AICPA SOC reports are everywhere these days - SOC 1, SOC 2, and SOC 3 - and this is due in large part to the retirement of the longstanding SAS 70 auditing standard, which was in place for approximately two decades (April, 1992 to June 15, 2011). So out with the old and in with the new - and very new the AICPA SOC reports are - as witnessed by the three distinct reporting options that service organizations now have. With such monumental changes in reporting on controls at these very service organizations, it's important to take note of the following five items regarding AICPA SOC reports.
1. It’s a SOC world out there. SOC stands for "Service Organization Control" reports, which is a completely new reporting platform for reporting on controls at service organizations - one that effectively replaced the aging SAS 70 auditing standard. There are three (3) SOC reporting options to choose from, such as SOC 1, SOC 2, and SOC 3. Look upon the SOC platform as a true shift and monumental change by the American Institute of Certified Public Accountants (AICPA) and their attempt to modernize and become more global with respect to service organization reporting. Interestingly, there is an international equivalent to the SOC 1 reporting option - ISAE 3402 - but much like SAS 70, SOC 1 SSAE 16 reports are slowly, but surely, becoming the de facto standard, once again.
2. SOC 1 is here. That's right, the heavyweight reporting option from the SOC platform is that of SOC 1. With the retirement of the SAS 70 auditing standard, SOC 1 is the new champion. Please keep in mind that SOC 1 reports actually utilize the SSAE 16 professional standard for their issuance - thus - two types of SOC 1 reports can be issued - SOC 1 SSAE 16 Type 1 and SOC 1 SSAE 16 Type 2 reports. And though SOC 1 SSAE 16 reports are technically designed for reporting on controls at service organizations who have a true and credible nexus with a concept known as “ICFR” - "Internal Control over Financial Reporting” – the standard itself has taken root much like SAS 70, resulting in a wide range of third-party entities undertaking SSAE 16 compliance.
3. SOC 2 is slowly emerging. When the AICPA dismissed the longstanding SAS 70 auditing standard, effectively replacing it with the SOC framework, they’re intent was to provide meaningful and flexible reporting options for service organizations, such as SOC 2 reporting. And though SOC 2 is an excellent option for reporting on many of today's technology based service organizations - such as cloud computing entities, data centers, managed services providers, and others - it is not used in a widespread fashion when compared to SOC 1 SSAE 16 reporting. This will more than likely change, however, as interested parties become more aware of the true value of SOC 2 reporting. As for the professional standard used for issuing SOC 2 reports, it is AT Section 101, as published by the AICPA. Additionally, SOC 2 reporting incorporates the Trust Service Principles (TSP), which are: (1). Security. (2). Availability. (3). Processing Integrity. (4). Confidentiality. (5). Privacy.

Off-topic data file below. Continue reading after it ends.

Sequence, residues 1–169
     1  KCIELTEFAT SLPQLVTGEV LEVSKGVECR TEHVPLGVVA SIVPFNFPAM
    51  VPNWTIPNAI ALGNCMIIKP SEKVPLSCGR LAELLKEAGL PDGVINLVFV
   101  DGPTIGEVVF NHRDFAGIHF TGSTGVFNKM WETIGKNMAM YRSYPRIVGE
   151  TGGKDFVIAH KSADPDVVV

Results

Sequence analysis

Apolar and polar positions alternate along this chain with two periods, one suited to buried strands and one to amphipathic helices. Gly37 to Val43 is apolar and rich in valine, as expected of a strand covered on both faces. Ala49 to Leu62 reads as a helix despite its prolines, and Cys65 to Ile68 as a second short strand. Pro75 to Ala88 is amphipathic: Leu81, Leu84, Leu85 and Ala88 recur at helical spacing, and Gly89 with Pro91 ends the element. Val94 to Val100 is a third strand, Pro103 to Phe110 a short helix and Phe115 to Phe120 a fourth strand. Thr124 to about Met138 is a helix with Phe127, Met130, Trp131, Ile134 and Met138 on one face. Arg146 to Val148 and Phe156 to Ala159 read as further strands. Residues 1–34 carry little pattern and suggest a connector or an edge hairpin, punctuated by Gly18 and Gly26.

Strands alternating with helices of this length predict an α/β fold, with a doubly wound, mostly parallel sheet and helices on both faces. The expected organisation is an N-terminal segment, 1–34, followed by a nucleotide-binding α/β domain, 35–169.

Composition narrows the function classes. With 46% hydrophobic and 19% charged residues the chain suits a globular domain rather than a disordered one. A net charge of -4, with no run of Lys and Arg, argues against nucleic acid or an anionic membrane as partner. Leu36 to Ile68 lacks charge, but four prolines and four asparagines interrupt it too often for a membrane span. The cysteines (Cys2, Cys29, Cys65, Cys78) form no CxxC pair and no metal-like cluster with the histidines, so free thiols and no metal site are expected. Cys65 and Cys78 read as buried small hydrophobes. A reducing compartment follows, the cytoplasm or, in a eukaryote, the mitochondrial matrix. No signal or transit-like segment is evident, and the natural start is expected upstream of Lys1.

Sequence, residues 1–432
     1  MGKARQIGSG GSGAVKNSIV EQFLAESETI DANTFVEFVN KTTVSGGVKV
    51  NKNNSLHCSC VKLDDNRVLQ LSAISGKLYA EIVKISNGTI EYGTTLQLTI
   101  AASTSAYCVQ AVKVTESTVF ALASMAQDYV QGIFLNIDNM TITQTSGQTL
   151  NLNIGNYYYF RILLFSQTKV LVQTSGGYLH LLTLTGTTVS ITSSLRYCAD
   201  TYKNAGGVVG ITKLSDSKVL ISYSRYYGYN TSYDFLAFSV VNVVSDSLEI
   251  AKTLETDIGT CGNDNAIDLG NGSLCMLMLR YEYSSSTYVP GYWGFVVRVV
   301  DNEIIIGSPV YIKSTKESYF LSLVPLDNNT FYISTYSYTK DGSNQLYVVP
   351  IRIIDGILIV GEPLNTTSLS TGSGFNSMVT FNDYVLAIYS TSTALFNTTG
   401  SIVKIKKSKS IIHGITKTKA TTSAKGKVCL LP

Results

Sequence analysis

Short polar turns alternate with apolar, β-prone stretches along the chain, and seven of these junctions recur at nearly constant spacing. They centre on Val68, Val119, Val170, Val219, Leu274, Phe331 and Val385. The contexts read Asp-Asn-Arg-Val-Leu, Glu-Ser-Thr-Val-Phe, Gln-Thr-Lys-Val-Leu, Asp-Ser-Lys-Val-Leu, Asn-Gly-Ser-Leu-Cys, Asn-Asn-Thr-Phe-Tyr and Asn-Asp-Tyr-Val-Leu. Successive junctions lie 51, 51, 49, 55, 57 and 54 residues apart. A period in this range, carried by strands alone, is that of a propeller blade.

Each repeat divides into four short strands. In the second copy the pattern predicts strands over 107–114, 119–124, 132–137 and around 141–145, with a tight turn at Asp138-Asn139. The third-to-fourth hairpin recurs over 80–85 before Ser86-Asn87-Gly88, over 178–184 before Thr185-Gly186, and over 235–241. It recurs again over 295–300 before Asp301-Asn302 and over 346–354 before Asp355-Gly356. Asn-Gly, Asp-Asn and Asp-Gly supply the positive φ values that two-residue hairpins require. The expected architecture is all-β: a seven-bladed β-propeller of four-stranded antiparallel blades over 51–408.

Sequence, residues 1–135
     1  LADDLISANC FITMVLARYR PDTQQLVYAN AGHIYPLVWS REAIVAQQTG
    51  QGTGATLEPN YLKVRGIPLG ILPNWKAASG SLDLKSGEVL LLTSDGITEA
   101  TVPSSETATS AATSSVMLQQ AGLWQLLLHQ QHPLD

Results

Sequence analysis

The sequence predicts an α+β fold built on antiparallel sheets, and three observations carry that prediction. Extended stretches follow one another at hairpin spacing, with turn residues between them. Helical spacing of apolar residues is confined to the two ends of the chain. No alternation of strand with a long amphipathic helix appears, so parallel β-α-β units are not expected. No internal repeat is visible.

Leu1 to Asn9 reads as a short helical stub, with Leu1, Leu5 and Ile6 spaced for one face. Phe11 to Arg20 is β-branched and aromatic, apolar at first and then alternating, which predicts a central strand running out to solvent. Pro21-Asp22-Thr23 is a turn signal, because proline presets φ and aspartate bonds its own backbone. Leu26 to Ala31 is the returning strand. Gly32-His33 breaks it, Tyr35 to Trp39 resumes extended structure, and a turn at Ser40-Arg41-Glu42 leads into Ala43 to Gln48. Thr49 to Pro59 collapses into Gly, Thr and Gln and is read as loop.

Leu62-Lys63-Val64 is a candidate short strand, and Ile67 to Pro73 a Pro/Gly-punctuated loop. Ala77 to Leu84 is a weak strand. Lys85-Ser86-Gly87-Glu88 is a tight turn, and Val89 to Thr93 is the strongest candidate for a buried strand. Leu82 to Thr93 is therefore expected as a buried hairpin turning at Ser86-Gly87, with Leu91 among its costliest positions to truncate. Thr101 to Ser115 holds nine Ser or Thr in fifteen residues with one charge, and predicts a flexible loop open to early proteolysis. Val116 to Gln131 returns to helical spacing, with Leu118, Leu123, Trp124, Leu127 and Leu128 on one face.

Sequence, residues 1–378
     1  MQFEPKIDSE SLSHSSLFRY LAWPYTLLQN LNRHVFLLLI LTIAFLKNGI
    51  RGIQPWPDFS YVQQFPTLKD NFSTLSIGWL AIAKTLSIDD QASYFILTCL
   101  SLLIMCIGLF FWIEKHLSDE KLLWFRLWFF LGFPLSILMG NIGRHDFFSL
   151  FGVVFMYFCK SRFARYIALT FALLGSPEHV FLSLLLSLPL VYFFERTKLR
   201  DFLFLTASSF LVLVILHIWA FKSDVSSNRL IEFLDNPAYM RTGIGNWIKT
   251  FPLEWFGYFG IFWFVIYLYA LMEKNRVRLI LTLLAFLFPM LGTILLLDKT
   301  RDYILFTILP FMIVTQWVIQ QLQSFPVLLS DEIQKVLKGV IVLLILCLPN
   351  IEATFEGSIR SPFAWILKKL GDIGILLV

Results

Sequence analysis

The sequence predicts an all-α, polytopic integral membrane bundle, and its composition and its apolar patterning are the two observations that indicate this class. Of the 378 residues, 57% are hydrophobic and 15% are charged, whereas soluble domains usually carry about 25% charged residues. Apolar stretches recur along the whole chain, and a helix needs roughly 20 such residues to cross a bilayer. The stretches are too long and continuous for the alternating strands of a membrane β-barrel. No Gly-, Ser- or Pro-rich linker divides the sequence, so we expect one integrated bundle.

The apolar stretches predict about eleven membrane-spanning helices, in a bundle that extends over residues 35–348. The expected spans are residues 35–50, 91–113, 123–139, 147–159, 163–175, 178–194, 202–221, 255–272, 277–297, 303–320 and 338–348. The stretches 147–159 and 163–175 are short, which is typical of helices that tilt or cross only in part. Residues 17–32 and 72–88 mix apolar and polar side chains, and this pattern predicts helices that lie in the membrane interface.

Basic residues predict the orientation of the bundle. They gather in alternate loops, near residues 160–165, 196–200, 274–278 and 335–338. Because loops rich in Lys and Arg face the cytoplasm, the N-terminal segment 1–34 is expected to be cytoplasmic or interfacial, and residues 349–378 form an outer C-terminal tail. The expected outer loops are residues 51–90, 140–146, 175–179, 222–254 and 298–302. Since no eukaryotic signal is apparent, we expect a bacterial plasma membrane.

4. SOC 3 is an option also. SOC 3 reporting also uses AT Section 101 at its professional standard, along with the Trust Services Principles (TSP) for reporting. SOC 3 reports differ from SOC 2 reports in a few technical aspects, mainly in that SOC 2 reporting actually provides detailed evidence of auditor findings and other relevant information, while SOC 3 does not. SOC 3 also brings to surface the SysTrust and WebTrust seals that can be issued and showcased as validation of compliance. SOC 3, much like SOC 2, is a very viable reporting option, and one that’s gaining acceptance in many industries for reporting on controls at service organizations.
5. Policies and procedures are necessary for SOC compliance. Welcome to the world of regulatory compliance where policies and procedures need to be developed, especially information security policy and procedural documentation. Keep that in mind when it comes to SOC compliance. Learn more about NDB's complimentary SOC 1 Policy Packets and SOC 2 Policy Packets. They truly make a big difference in helping service organizations save thousands of dollars on SOC compliance.
Speak with Christopher G. Nickell, CPA, to learn more about NDB's AICPA SOC reporting services and our competitive, fixed-fee pricing. He can be contacted at 1-800-277-5415, ext. 706 or via email at firstname.lastname@example.org.